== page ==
A survey in the United States revealed that an alarmingly large percentage of university psychologists admitted having used questionable research practices that can contaminate the research literature with false positive and biased findings. We conducted a replication of this study among Italian research psychologists to investigate whether these findings generalize to other countries. All the original materials were translated into Italian, and members of the Italian Association of Psychology were invited to participate via an online survey. The percentages of Italian psychologists who admitted to having used ten questionable research practices were similar to the results obtained in the United States although there were small but significant differences in self-admission rates for some QRPs. Nearly all researchers (88%) admitted using at least one of the practices, and researchers generally considered a practice possibly defensible if they admitted using it, but Italian researchers were much less likely than US researchers to consider a practice defensible. Participants’ estimates of the percentage of researchers who have used these practices were greater than the self-admission rates, and participants estimated that researchers would be unlikely to admit it. In written responses, participants argued that some of these practices are not questionable and they have used some practices because reviewers and journals demand it. The similarity of results obtained in the United States, this study, and a related study conducted in Germany suggest that adoption of these practices is an international phenomenon and is likely due to systemic features of the international research and publication processes.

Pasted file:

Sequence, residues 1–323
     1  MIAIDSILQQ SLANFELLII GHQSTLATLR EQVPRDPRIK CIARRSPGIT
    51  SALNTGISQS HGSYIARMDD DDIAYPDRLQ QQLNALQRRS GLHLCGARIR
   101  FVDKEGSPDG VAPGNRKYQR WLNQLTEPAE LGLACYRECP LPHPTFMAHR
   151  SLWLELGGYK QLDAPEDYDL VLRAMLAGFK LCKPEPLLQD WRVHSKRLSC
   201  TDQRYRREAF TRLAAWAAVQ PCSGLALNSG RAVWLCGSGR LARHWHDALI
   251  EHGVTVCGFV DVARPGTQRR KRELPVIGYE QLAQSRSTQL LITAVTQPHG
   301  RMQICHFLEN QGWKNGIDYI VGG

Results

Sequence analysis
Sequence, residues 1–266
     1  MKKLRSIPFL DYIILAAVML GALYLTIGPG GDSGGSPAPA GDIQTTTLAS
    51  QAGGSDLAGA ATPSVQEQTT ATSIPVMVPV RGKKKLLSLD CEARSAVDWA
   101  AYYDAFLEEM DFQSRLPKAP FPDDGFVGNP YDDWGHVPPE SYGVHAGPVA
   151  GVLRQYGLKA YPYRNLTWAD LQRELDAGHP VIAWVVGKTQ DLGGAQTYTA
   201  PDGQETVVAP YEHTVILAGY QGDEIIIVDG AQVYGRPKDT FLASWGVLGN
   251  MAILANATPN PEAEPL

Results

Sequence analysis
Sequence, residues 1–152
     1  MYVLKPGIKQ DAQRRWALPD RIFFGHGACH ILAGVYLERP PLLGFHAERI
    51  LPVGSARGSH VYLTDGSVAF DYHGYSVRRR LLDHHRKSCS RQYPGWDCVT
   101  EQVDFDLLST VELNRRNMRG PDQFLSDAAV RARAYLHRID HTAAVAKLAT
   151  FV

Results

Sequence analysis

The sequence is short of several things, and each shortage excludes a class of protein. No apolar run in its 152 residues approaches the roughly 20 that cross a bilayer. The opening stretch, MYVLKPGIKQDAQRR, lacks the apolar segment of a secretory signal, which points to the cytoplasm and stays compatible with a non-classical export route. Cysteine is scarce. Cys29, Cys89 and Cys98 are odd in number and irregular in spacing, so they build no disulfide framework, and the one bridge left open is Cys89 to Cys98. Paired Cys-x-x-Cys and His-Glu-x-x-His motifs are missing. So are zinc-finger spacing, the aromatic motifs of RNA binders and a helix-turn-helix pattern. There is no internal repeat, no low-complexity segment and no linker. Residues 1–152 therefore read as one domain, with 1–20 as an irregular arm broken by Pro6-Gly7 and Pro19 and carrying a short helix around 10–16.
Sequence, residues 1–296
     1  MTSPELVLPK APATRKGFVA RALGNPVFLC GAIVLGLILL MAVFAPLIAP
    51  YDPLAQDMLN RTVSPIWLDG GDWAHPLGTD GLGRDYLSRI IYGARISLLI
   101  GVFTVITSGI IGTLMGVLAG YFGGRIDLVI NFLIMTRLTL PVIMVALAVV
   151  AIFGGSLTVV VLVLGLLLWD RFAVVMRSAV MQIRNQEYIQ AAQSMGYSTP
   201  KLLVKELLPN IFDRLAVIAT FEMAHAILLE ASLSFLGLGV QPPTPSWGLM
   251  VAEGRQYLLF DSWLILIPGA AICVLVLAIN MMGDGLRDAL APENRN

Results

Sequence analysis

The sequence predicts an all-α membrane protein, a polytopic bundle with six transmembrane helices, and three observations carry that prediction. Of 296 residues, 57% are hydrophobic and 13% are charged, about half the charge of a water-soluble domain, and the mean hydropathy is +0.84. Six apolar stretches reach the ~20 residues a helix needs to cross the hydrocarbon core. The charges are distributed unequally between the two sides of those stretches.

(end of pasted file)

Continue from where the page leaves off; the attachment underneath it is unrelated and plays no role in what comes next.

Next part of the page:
Agnoli F, Wicherts JM, Veldkamp CLS, Albiero P, Cubelli R (2017) Questionable research practices among italian research psychologists. PLoS ONE 12(3): e0172792.
Publisher (open access – including the data):

French scientist fined for failure to disclose industry ties – Nature (Barbara Casassus | July 2017)0

Posted by Admin in on August 6, 2017

Pulmonologist Michel Aubier has been found guilty of misleading France’s Senate during an inquiry on air pollution.

This international news story is another ‘good’ example of the perils and community reaction when a researcher fails to disclose a conflict of interest.